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Sleeping With Your Partner – How To Get ‘More Sleep’ Together

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Getting a quality night’s rest is tough enough on your own. 

But a lot of people don’t realize that sleeping with your partner can actually really sabotage your quality of sleep in a variety of different ways—especially if you don’t have complimentary sleep habits, and if the two of you don’t work together to sort out the habits that don’t quite ‘jive’ together. 

On one hand, sleeping with your partner is a fun and healthy thing to do (for the most part). 

It promotes intimacy, togetherness, bonding, and many other pleasant and positive things. 

Plus, at this point, it’s virtually tradition for couples who love each other to share a bed together. 

With that being said, this can definitely cause you to run into some struggles where sleep quality is concerned. 

So in this post, we’re going to identify some common co-sleeping struggles, and propose some solutions that might help to solve the issues. 

Let’s dive into it. 

1. Solve Your Snoring Woes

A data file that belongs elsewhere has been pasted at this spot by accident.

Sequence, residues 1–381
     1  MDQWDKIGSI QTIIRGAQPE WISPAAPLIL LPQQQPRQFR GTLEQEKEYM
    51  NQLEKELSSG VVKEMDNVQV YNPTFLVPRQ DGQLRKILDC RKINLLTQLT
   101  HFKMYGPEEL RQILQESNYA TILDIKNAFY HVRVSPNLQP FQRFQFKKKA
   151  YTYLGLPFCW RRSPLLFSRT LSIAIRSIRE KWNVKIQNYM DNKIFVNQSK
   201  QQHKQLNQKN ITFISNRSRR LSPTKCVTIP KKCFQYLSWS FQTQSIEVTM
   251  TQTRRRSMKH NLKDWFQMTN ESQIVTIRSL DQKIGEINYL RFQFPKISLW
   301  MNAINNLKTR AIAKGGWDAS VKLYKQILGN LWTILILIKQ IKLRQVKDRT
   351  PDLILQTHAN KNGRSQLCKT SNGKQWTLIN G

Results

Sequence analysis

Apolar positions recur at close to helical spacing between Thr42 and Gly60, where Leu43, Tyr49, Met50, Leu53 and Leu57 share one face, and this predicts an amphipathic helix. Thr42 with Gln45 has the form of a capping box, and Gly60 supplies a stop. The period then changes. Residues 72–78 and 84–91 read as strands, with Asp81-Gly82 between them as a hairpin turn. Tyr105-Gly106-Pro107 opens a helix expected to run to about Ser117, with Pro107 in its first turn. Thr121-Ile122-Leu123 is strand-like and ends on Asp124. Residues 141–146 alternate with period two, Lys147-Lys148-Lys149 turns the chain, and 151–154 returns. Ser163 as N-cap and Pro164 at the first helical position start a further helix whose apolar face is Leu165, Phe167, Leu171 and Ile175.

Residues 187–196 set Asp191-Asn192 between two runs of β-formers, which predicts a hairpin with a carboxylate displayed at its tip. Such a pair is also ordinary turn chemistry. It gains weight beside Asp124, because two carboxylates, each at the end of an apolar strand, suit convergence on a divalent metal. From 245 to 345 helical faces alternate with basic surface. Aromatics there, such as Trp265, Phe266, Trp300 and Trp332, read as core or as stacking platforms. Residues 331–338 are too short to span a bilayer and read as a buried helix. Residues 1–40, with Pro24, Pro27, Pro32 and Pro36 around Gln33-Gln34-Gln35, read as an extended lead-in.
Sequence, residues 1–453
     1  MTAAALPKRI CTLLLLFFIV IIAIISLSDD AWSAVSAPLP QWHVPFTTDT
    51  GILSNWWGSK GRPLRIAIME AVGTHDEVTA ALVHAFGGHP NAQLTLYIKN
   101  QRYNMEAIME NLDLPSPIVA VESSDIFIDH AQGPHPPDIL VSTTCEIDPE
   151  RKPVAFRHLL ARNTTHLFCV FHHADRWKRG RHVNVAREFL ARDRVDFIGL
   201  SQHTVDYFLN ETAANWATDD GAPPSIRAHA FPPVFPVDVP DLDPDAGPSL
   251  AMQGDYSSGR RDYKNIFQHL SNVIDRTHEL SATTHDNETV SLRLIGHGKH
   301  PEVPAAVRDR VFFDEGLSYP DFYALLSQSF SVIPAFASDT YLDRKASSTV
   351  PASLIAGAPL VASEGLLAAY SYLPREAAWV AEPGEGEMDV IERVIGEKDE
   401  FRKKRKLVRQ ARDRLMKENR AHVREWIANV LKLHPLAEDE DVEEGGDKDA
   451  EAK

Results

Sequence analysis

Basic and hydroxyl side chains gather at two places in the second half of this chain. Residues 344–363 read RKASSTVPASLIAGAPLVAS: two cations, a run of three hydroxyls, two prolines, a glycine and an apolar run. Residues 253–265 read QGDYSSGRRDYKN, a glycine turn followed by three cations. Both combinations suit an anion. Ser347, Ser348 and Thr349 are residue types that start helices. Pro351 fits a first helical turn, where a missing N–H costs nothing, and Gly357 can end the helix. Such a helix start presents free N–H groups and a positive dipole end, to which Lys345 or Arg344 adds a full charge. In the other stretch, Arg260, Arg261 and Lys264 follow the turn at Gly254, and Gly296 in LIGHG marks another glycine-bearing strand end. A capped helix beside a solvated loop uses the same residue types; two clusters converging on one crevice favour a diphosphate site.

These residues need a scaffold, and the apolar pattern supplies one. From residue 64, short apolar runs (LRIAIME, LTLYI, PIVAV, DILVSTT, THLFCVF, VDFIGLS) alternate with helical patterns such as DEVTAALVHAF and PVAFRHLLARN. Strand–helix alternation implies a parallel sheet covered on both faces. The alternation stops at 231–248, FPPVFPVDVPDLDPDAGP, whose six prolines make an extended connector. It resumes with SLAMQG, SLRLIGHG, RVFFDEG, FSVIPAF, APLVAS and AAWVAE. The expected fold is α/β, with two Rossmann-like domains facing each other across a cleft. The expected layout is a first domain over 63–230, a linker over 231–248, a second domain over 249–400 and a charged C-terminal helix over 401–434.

Snoring can most definitely play havoc with your quality of sleep.

This is true not only if you snore, but also if your partner snores.

In fact, people who regularly sleep with a snoring partner report more sleep loss and sleep deprivation. 

To solve this, it’s really important to have an honest conversation about the snoring issue, and to seek out remedies that might help to make it better. 

Sleep therapy, anti-snoring devices, lifestyle changes, or maybe even CPAP could all play a role in helping to solve this problem. 

2. Watch The Tossing And Turning

When you spend a lot of time sleeping in the same bed together, you may come to realize that one or both of you ends up tossing and/or turning a lot. 

And this, in turn, can actually keep one or both of you awake for longer than what would be ideal. 

It could also threaten to wake you up in the middle of the night and jar one or both of you out of REM sleep too many times. 

This can be a tough problem to solve. But one quick and easy solution could be to explore purchasing a larger bed.

There’s nothing wrong with creating a little bit of ‘distance’ in your co-sleeping setup.

And sometimes, this can do a lot to help you close the gap where your sleep deprivation risk is concerned.

3. Practice Basic Hygiene

Sometimes, when you sleep, you tend to sweat—and sweat can lead to a bit of body odor. 

Before you know it, this whole situation can turn into a stinky mess. 

Therefore, it’s always a good idea to make sure that you clean your body and practice some basic overall positive hygiene habits before climbing into bed with your partner. 

On the same token, it’s also only fair that your partner also does the same for you. 

It’s going to promote a better night’s sleep when the two of you smell good, feel good, and feel like the bed is a nice, clean, welcoming environment. 

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